Beside these two glaring shortcomings, the remainder are minor niggles related mainly to the adaptation of the Forza game engine to a large, open world: at speeds approaching 300 km/h, you’ll start to notice some pop-in; the fields of wheat and lavender are composed of low-res 2D sprites; interiors are curiously detailed, but flip any vehicle in the game and you’ll find an undercarriage ripped straight from a Hot Wheels model. Sure, you’re not supposed to flip them, but in a game which keeps track of time spent airborne, it’s a strange omission.
Another angle on the Lancia from the lead image. Notice the curiously flat undercarriage.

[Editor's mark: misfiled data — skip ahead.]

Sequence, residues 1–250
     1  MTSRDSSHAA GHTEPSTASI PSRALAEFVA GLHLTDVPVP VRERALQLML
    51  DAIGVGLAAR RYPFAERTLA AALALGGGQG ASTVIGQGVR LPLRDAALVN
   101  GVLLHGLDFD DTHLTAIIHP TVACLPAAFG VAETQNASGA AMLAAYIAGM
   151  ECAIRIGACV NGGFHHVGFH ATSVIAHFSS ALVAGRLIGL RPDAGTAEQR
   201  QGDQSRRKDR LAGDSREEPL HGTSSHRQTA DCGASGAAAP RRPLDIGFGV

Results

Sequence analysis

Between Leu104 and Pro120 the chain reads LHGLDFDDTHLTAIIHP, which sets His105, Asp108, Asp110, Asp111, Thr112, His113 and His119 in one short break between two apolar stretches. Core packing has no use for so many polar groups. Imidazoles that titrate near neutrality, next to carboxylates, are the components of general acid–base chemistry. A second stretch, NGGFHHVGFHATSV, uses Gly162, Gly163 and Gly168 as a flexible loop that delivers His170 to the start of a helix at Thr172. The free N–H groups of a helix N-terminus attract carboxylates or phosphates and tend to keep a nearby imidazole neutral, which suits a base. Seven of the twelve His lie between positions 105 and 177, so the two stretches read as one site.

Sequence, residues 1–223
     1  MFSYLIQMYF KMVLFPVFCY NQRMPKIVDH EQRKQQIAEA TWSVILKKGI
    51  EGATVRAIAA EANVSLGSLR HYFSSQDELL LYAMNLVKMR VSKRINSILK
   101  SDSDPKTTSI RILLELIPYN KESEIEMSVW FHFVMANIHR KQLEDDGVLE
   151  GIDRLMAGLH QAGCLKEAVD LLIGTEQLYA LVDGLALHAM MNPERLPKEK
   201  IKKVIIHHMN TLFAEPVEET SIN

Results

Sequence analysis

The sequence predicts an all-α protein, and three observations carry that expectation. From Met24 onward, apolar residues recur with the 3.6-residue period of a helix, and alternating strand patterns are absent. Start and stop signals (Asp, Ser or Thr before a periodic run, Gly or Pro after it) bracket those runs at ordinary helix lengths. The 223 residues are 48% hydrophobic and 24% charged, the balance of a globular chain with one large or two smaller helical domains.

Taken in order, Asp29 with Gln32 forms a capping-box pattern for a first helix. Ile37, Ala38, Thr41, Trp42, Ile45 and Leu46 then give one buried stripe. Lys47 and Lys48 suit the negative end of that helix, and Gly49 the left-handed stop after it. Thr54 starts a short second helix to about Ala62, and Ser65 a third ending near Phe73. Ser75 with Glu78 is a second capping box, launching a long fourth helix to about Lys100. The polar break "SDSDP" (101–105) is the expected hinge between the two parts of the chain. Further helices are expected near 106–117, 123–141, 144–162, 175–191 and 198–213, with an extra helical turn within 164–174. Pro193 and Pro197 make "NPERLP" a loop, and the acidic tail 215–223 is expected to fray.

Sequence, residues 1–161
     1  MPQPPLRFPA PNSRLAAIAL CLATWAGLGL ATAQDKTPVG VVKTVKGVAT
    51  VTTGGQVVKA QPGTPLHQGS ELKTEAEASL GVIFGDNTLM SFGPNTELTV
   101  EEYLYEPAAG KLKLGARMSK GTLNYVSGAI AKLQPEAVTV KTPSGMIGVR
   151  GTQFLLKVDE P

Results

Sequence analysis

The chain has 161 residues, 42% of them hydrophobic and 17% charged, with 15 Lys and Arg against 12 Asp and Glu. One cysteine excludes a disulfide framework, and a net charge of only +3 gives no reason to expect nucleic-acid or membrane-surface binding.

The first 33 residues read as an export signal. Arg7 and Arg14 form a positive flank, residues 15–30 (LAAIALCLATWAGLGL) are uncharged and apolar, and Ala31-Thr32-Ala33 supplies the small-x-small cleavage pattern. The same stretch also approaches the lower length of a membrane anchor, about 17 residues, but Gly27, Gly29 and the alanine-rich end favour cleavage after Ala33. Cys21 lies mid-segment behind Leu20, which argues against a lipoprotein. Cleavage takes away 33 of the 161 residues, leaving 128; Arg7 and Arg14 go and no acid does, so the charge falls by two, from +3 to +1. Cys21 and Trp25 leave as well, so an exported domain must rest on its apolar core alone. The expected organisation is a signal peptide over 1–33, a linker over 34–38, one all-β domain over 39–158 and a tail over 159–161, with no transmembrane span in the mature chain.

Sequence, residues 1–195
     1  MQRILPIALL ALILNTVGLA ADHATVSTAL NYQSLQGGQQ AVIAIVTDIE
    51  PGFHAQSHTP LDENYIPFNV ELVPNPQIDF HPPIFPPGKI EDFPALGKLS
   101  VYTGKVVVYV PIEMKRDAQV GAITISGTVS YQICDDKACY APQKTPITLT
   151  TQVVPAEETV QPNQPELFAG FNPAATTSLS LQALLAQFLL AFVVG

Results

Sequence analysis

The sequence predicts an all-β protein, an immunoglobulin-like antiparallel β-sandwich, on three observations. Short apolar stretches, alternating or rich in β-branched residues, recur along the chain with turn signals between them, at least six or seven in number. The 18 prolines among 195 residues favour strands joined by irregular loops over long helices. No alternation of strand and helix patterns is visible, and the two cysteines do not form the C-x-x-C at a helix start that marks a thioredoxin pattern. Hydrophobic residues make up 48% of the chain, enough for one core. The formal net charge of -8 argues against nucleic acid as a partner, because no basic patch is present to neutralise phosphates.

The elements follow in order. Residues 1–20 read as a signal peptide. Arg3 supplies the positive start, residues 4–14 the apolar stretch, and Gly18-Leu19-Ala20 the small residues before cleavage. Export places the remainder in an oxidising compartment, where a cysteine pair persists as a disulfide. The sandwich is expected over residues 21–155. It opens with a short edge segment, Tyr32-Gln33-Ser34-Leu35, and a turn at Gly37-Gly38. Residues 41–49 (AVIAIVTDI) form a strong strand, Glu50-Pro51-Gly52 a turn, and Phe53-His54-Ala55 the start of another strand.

Oh wait! The story. How could I forget about the story? Um, well, there isn’t one. You play as the target demographic representative, Scruffy McBrodude, who was cast in the same factory as the lug nuts on the Lamborghini Huracán you drive in the opening sequence, and imbued with the same emotional range. There’s a girl, but she’s entirely too clothed to be a love interest. And then there’s that British guy, Ben. If our silent protagonist is a nut, then Ben is a straight-up tool. He’s the host of the Horizon Festival and he’s very busy, you’ll have to excuse him, but aren’t you glad you get to drive a Huracán, lucky you? Don’t take my word for it, the entire first half of Polygon’s preview was dedicated to chewing him out.